With all due respect for the views of my colleagues (here and here) and commenters at Technology Liberation Front, former Sen. Bob Kerrey had this, and other, mature insights in an op-ed which appeared yesterday in The Hill regarding whether to include immunity for telecom carriers in the Foreign Intelligence Surveillance Act (FISA) reauthorization:
Consider the atmosphere: the president had gone before Congress and said “one vial, one canister, one crate, slipped into this country, could bring a day of horror like none we have ever known.” So if these companies refused to cooperate, by implication, that dark day could be on their conscience. And now they cannot even defend themselves in court, because the details of the investigations remain classified.
Opposition to immunity isn’t aimed so much at punishing the telecom providers, but at obtaining information about what really happened and about reaffirming the significant legal duties that telecom providers have for safeguarding the privacy of their law-abiding customers.
Presumably any judge would have some sympathy for the telecom providers, considering the extraordinary circumstances; still, investors have an irrational fear of legal bills and uncertainty.
As for whether the warrantless surveillance was really unconstitutional or not isn’t absolutely clear. The Supreme Court hasn’t said, and some believe the Court might defer to the president who was acting as commander-in-chief to protect the nation’s security. The Fourth Amendment concerns “unreasonable” searches and seizures, and electronic surveillance is routinely conducted on all sides during wartime.
Under FISA, the Foreign Intelligence Surveillance Court can authorize electronic surveillance when there’s probable cause to believe that the target of surveillance is an agent of a foreign power or a terrorist. The argument is that the Bush administration should have invoked this procedure, which would have protected the telecom providers from liability.
But Richard A. Posner observed in February, 2006 that FISA was “dangerously obsolete” because while it allowed electronic surveillance against known terrorists, it couldn’t authorize surveillance for the purpose of identifying potential terrorists and their supporters.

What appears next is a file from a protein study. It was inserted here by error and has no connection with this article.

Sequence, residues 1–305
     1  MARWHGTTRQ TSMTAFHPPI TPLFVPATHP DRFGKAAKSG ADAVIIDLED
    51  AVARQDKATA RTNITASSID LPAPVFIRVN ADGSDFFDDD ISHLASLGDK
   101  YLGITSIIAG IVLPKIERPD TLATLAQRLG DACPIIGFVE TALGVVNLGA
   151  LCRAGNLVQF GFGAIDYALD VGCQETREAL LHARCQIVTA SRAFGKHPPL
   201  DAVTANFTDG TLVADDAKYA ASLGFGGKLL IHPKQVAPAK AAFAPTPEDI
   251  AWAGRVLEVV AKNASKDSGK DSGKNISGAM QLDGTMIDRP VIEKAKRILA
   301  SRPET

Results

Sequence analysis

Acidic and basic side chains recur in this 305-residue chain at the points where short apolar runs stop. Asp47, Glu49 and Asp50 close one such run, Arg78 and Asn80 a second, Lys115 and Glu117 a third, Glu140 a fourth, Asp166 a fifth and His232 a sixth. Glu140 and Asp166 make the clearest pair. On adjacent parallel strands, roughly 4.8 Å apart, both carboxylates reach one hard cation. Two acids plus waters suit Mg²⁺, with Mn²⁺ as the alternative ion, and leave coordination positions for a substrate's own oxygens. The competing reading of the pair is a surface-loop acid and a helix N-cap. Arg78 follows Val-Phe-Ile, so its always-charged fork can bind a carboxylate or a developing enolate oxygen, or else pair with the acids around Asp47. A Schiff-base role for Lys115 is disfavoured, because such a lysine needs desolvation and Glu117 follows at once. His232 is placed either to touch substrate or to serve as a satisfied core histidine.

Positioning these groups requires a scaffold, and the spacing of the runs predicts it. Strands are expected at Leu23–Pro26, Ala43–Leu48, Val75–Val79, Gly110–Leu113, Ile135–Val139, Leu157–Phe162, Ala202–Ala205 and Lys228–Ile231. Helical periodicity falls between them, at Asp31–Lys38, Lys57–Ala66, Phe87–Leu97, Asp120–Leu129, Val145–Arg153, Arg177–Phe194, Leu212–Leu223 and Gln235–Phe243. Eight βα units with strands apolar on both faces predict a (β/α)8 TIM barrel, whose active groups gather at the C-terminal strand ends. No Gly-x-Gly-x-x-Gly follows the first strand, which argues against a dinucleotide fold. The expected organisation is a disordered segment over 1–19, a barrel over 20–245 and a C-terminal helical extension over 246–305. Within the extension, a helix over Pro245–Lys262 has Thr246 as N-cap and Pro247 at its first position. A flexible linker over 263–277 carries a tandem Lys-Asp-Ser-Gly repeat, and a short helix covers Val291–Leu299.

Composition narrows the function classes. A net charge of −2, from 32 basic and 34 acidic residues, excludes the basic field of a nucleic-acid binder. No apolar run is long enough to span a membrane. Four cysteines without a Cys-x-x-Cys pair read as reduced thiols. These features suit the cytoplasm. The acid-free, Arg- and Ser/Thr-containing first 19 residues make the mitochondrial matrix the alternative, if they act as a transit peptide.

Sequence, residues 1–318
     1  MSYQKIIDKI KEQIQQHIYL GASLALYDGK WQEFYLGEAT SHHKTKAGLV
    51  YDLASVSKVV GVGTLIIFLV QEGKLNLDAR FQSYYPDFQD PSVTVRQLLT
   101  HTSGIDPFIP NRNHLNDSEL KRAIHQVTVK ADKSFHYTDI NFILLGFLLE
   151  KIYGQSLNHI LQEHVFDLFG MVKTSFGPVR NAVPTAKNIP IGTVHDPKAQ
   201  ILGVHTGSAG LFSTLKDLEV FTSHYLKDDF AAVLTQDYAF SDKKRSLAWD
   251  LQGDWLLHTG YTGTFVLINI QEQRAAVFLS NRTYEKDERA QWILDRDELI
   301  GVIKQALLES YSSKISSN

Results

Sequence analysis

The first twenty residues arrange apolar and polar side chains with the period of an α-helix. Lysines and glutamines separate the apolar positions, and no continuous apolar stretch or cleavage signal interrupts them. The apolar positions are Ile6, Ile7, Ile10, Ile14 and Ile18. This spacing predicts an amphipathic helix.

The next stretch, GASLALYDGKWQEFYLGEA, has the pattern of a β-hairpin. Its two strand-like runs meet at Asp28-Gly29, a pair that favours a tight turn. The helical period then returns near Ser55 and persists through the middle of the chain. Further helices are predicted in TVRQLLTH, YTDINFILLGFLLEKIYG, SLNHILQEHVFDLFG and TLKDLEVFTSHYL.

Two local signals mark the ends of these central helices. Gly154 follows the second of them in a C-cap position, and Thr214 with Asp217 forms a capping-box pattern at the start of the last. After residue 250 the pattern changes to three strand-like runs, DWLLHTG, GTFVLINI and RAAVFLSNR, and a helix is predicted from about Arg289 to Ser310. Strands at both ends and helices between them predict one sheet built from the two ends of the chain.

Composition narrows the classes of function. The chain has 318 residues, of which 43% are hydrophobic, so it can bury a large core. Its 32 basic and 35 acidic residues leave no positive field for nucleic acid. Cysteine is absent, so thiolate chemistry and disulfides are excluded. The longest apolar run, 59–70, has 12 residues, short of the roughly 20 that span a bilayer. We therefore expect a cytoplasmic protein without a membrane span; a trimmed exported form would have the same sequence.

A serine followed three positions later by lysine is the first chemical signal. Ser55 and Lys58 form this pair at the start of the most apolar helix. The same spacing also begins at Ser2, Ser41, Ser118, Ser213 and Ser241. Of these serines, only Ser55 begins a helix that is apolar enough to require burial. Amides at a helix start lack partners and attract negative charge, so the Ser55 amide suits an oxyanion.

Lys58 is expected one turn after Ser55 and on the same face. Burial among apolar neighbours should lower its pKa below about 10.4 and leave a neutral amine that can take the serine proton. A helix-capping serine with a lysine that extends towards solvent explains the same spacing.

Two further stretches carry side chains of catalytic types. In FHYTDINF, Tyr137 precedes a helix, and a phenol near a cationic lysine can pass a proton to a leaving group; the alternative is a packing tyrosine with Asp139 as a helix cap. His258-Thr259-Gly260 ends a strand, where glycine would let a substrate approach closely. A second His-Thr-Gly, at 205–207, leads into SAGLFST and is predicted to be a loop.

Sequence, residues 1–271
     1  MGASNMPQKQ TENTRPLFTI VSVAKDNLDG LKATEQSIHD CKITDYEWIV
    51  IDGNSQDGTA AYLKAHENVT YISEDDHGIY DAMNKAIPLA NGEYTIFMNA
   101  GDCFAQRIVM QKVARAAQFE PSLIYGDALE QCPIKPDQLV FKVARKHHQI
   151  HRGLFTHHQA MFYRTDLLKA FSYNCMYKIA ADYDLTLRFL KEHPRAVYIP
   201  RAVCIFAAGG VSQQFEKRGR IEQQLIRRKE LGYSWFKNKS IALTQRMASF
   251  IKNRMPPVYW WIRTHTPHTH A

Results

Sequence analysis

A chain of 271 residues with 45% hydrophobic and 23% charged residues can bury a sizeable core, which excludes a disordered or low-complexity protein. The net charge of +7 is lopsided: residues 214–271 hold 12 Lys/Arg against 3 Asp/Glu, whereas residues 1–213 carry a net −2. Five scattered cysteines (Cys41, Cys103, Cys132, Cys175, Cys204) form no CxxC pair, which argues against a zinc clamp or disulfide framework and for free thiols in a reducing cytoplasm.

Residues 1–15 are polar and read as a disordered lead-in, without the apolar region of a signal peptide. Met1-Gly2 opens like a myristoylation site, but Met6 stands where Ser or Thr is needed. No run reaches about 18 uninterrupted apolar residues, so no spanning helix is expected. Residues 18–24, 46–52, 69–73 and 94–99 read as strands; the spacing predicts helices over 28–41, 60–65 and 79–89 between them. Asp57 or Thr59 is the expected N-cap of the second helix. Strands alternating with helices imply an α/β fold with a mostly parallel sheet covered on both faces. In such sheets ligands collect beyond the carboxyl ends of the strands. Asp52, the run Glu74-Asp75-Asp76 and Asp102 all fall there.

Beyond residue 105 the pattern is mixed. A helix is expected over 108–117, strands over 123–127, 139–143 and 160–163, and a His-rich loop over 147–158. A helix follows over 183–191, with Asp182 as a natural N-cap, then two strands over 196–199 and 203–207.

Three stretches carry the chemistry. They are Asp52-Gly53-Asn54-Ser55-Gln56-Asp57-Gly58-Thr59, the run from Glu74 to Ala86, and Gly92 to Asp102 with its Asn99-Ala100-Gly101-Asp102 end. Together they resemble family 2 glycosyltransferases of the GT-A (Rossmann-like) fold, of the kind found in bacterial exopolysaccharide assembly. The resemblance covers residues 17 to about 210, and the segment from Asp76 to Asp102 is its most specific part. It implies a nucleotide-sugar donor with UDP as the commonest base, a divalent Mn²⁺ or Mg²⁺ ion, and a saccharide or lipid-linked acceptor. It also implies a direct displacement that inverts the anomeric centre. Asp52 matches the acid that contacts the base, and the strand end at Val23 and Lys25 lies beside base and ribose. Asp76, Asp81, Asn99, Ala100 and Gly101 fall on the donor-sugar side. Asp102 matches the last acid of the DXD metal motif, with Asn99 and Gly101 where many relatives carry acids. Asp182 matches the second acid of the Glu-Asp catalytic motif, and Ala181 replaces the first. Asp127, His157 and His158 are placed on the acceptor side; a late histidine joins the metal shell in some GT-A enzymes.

[FISA] retains value as a framework for monitoring the communications of known terrorists, but it is hopeless as a framework for detecting terrorists. It requires that surveillance be conducted pursuant to warrants based on probable cause to believe that the target of surveillance is a terrorist, when the desperate need is to find out who is a terrorist.
Writing in 2005, William Kristol and Gary Schmitt posited the following hypothetical:
A U.S. president has just received word that American counterterrorist operatives have captured a senior al Qaeda operative in Pakistan. Among his possessions are a couple of cell phones — phones that contain several American phone numbers. In the wake of Sept. 11, 2001, what’s a president to do?
Kristol and Schmitt rightly asked where is the evidence, in this hypothetical, to support a finding of probable cause to believe the targets of electronic surveillance, in the U.S., are terrorists?
Who knows why the person seized in Pakistan was calling these people? Even terrorists make innocent calls and have relationships with folks who are not themselves terrorists.
I have no idea if this was the actual justification or not, but it sounds plausible and legitimate to me.
Kerrey makes the logical point that the fight against terrorism will require access by the government to all kinds of personal data:
It is now clearer than ever that to connect the dots in future terror investigations, the government simply cannot do it alone — it must have the full, unwavering support of private industry. The global proliferation and increasing sophistication of terrorist operations means that every private enterprise — from the telecom and tech companies to the car renters and airlines, data-mining and credit card firms, chemical manufacturers and fertilizer retailers — virtually every private concern in the U.S. economy must be willing to help out when a terrorism investigator comes to call.
The possibilities for abuse, given the occasional corrupt politician, careless bureaucrat or scheming corporation, stagger the imagination. Corporations like to curry favor from politicians; bureaucrats are assigned laptops, for some reason; politicians like to leak damaging details about their opponents’ private lives; the list goes on. But the question ought to be whether it’s possible to prevent abuse in most cases while allowing the government every tool to detect and prevent terrorist attacks.
Posner suggested a combination of criminal penalties and evidentiary prohibitions which sound like a promising starting point:
Forbid any use of intercepted information for any purpose other than “national security” as defined in the statute … Thus the information could not be used as evidence or leads in a prosecution for ordinary crime. There would be heavy criminal penalties for violating this provision, to allay concern that “wild talk” picked up by electronic surveillance would lead to criminal investigations unrelated to national security.
The suggestion is evocative, at least for me, of the Miranda ruling, which addressed the problem of unscrupulous police investigators who conducted coercive interrogations to obtain confessions from innocent suspects. The Supreme Court solved the problem by making improperly-obtained evidence inadmissible and not by prohibiting interrogations or confessions — which the Court recognized were indispensible techniques for fighting crime. I don’t know many who would argue that the Miranda Warning hasn’t worked pretty well.